Posts Tagged ‘browser games’

The Evolution of Trust is a cute explain-o-game about cooperation

The evolution of trust

Here’s something nice, but also depressing. I started playing The Evolution of Trust [official site], a short browser-based game, expecting it to show me why trusting other people is a good thing. Ten minutes in, it’s taught me that I need to cheat more.

It has you playing a quick ‘Game of Trust’. If you stick a coin into a machine, the person at the other side gets three coins, and vice versa. So, should you co-operate and play the slot, or cheat, withhold your money and hope the sucker on the other side is feeling generous?

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It Is As If You Were Doing Work really is

I should’ve posted about an hour ago but, to be honest, I was too distracted by It Is As If You Were Doing Work [official site] to do actual work. Pippin Barr’s free browser-based game offers a virtual desktop with all the thrills, chills, and Windows alert trills of actual work – but purely for funsies! Mash your keyboard to fill out nonsense e-mails, click buttons, watch progress bars, and feel the real satisfaction of a job done well. Take your fake job seriously enough and you can even earn promotions. Ah, work! Read the rest of this entry »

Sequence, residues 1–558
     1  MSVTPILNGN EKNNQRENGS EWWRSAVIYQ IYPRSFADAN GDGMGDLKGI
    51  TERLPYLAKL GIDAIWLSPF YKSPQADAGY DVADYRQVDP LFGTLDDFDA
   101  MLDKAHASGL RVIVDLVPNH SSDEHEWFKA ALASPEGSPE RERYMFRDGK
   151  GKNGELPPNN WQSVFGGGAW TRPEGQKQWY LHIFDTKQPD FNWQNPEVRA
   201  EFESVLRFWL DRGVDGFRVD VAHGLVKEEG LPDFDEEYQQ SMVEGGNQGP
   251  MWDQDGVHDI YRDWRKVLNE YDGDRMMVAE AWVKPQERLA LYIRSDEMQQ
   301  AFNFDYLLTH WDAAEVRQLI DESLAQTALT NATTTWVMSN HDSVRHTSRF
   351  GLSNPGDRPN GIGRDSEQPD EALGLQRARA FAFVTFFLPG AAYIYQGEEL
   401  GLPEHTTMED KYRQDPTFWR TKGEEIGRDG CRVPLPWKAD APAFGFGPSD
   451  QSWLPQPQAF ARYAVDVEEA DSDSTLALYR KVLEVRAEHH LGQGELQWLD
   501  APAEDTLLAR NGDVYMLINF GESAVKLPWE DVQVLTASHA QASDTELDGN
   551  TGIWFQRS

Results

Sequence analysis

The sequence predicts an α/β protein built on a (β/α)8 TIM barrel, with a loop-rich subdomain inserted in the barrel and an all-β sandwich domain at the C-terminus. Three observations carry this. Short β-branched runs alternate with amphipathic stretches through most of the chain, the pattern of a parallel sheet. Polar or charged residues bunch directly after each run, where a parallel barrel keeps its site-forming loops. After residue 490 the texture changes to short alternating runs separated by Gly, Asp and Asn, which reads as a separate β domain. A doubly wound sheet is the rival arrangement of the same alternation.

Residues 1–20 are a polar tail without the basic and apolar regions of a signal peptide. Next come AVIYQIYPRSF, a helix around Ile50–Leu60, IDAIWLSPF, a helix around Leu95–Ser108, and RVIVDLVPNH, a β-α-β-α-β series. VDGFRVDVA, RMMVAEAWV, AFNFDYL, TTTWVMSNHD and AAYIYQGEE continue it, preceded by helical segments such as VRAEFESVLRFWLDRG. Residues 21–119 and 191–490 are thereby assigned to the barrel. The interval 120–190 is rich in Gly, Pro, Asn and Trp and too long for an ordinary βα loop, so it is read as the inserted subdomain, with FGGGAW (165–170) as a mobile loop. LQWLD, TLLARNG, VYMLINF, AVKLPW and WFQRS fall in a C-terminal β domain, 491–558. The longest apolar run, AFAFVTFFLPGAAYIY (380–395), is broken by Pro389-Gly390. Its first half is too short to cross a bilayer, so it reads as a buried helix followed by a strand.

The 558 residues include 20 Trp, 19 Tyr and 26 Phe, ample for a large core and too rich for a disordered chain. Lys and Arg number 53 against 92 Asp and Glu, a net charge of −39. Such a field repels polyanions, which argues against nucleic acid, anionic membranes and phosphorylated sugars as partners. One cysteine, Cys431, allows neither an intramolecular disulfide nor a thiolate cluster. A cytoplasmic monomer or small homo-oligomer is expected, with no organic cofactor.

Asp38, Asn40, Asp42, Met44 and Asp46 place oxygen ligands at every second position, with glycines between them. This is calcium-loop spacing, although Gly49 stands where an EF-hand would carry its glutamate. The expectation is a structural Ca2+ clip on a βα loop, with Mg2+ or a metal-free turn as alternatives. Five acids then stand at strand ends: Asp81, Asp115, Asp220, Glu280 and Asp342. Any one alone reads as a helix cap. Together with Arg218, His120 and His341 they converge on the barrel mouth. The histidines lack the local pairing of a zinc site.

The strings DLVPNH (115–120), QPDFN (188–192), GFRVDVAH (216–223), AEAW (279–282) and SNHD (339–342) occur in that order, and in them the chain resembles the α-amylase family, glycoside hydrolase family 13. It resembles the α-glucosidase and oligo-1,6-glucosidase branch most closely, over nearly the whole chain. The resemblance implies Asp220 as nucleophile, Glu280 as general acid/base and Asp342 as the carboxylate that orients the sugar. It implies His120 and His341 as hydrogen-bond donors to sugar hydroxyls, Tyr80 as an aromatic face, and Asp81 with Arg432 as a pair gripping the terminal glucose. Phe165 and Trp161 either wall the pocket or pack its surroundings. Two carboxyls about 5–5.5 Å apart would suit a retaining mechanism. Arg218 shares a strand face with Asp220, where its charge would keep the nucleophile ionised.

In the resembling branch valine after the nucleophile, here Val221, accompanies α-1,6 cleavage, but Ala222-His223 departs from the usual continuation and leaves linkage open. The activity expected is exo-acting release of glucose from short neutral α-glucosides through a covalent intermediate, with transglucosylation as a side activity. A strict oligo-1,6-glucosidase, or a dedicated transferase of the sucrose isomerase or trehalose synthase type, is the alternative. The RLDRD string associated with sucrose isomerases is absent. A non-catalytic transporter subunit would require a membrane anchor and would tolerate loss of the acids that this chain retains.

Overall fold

Quick, Draw! And have a neural net guess what it is

I’ve lost entire afternoon’s to GeoGuessr, hitting the button again and again to teleport to a random place in the world in Google Streetview and then try to work out where I am from the scenery. Now I’ve spent a similarly long afternoon making Google do the guessing. Quick, Draw![ official site] is a sort-of game, sort-of web tool in which you doodle images upon request and a neural network tries to guess what it is you’re drawing. Come, play, abandon productivity. Read the rest of this entry »